Libor Redux: Isdafix Rate Fix

manhattan-nyc-skyline-1024x640 Libor Redux: Isdafix Rate Fix

In December, 2013 the highly publicized LIBOR rate scandal resulted in the EU fining a group of global financial institutions more than $2 billion to settle charges related to LIBOR rate manipulation. At about the same time U.S. and UK regulators were investigating reports of another benchmark interest rate being rigged by banks and the same interdealer broker involved with setting the LIBOR rate. The International Swaps and Derivatives Association (ISDA) announced this past January that it was stripping the international swaps dealer of its involvement with setting the ISDAFIX rate– a widely used benchmark for derivatives. The dealer had been subject to investigations by both the U.S.’s Commodity Futures Trading Commission (CFTC) and the UK’s Financial Conduct Authority (FCA). Last week 13 banks and the interbank dealer were sued in a U.S. class action case for allegedly manipulating ISDAFIX.

The Importance of ISDAFIX

The ISDA’s ISDAFIX rate is used as a benchmark for contracts traded in the $710 trillion derivatives market. The interbank dealer involved in previously setting the rate collected data for the U.S. dollar-denominated portion of the derivatives market. The U.S. lawsuit alleges that the defendants colluded to fix the ISDAFIX rate at artificial levels so as to avoid paying the plaintiffs what was due to them on interest rate derivative trades. The rate is also used by investors to price commercial real estate mortgages and structured debt securities.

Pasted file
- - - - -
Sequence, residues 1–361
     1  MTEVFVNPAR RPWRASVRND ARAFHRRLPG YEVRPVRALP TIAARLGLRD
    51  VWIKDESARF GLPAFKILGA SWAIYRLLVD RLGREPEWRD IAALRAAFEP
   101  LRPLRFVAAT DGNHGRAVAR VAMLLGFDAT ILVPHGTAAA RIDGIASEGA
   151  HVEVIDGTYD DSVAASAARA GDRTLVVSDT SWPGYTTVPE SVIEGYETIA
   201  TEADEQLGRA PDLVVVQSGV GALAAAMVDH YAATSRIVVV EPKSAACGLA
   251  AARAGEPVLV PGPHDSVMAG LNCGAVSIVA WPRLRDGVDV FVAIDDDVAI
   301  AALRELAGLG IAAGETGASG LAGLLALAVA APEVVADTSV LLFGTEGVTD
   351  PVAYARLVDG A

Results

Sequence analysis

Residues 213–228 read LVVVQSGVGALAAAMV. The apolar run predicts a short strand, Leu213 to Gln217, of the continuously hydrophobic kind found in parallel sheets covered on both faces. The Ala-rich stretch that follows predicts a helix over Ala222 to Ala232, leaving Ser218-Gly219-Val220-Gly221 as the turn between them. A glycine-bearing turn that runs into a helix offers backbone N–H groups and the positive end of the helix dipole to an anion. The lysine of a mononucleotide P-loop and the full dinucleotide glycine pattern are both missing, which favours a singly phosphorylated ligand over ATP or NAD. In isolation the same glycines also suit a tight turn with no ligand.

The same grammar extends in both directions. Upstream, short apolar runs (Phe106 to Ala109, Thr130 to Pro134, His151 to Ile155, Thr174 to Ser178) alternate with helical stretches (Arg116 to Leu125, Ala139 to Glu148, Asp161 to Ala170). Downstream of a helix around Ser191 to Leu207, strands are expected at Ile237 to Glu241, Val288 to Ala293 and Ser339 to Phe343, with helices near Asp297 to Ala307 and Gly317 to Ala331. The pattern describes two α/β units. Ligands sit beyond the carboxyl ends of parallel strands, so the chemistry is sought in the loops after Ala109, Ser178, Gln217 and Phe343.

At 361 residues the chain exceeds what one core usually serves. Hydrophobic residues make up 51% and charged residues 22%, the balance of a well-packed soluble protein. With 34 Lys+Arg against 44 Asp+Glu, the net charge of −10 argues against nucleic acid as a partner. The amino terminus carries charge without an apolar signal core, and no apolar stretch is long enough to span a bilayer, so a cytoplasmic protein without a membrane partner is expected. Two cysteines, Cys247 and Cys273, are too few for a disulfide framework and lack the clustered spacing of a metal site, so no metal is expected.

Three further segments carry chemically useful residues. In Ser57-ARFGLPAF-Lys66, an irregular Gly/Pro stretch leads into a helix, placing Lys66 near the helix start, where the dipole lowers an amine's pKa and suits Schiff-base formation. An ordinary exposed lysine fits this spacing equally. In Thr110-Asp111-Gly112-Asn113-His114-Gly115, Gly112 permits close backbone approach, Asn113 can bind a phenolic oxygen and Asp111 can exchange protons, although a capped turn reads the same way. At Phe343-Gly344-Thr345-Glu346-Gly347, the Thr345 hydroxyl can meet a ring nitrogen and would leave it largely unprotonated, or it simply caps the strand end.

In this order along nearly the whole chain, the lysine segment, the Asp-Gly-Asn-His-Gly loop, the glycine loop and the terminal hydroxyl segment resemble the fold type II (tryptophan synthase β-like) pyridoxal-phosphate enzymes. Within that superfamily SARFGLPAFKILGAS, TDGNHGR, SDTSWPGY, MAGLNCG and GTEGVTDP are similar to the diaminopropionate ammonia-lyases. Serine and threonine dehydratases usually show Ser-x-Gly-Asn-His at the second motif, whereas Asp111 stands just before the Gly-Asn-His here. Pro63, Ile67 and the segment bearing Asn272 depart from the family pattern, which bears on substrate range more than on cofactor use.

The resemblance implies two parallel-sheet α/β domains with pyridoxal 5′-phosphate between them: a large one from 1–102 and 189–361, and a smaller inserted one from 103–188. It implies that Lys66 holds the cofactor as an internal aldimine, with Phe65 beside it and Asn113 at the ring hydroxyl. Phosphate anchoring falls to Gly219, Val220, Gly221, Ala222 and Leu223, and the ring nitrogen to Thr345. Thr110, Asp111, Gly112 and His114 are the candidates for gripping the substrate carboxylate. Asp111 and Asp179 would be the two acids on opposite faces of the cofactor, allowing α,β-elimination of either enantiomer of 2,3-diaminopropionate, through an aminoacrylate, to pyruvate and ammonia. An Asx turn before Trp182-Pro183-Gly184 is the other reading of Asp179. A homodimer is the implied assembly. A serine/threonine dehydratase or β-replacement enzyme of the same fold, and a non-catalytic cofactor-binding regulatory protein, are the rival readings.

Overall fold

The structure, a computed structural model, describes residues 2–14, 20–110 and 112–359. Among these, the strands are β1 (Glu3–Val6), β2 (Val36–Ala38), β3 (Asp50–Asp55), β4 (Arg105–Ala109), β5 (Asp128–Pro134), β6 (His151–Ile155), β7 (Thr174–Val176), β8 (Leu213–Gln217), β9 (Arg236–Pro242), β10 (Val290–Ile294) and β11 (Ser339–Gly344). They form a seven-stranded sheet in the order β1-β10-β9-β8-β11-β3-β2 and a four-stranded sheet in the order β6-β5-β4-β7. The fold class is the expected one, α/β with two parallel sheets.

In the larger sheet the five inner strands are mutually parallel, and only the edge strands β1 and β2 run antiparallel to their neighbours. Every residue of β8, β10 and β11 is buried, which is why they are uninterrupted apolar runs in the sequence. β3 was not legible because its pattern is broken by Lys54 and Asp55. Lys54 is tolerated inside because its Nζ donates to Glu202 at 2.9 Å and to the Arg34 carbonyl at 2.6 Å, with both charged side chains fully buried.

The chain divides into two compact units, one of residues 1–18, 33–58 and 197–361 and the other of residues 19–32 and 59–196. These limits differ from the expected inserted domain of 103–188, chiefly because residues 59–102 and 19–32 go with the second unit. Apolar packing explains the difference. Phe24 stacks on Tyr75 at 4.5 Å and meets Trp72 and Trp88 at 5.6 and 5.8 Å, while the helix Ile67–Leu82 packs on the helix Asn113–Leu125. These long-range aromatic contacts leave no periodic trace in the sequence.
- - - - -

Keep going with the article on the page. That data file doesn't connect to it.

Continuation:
Alaska Fund Lead Plaintiff

The case was filed in U.S. District Court in Manhattan by the Alaska Electrical Pension Fund which accused 13 banks of beaching U.S. anti-trust and commodities laws by conspiring to rig the ISDAFIX rate between 2009 and 2012.  The fund represents all similarly situated investors who traded in interest rate derivative transactions tied to ISDAFIX. The actions allegedly caused billions of dollars in investor losses, but whatever damages might be assessed may be tripled under U.S. anti-trust laws.

‘Banging The Close’

The complaint alleges that the defendants executed rapid trades just before the rate was set in a tactic known as “banging the close”. This caused the interbank dealer to delay processing trades until the banks had moved the rate to where they wanted it, and also resulted in the interbank dealer posting a rate which did not truly reflect market activity. According to the complaint, the defendants would submit the same or virtually the same U.S. dollar ISDAFIX rate quotes almost every day—within five decimal points—and it alleges that the odds of such near- identical rates occurring every day were “astronomical.” The banks communicated with each other via electronic chat rooms. The practice complained of allegedly abated only after the CFTC and FCA began their probes.